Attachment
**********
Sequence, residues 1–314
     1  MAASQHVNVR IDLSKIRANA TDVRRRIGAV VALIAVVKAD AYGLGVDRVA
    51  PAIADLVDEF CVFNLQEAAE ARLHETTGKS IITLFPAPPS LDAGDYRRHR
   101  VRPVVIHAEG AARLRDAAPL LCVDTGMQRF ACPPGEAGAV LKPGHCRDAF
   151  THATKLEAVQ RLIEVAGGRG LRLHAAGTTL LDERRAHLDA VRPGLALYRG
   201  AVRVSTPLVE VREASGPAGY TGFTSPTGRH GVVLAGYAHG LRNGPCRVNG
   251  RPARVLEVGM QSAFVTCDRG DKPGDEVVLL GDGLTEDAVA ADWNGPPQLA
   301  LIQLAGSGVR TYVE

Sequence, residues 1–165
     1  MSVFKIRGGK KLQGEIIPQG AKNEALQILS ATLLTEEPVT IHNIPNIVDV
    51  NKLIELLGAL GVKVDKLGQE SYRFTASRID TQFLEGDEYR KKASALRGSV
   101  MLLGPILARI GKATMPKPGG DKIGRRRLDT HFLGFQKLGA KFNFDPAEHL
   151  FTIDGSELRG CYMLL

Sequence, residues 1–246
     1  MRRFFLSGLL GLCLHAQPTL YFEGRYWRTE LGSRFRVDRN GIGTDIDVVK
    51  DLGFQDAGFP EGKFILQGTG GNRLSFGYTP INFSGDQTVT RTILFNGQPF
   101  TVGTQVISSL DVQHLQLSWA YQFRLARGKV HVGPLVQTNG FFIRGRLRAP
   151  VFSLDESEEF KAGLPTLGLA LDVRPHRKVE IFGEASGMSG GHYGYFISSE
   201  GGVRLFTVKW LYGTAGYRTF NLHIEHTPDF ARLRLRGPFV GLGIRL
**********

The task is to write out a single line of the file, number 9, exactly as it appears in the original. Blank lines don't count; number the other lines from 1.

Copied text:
Sequence, residues 1–165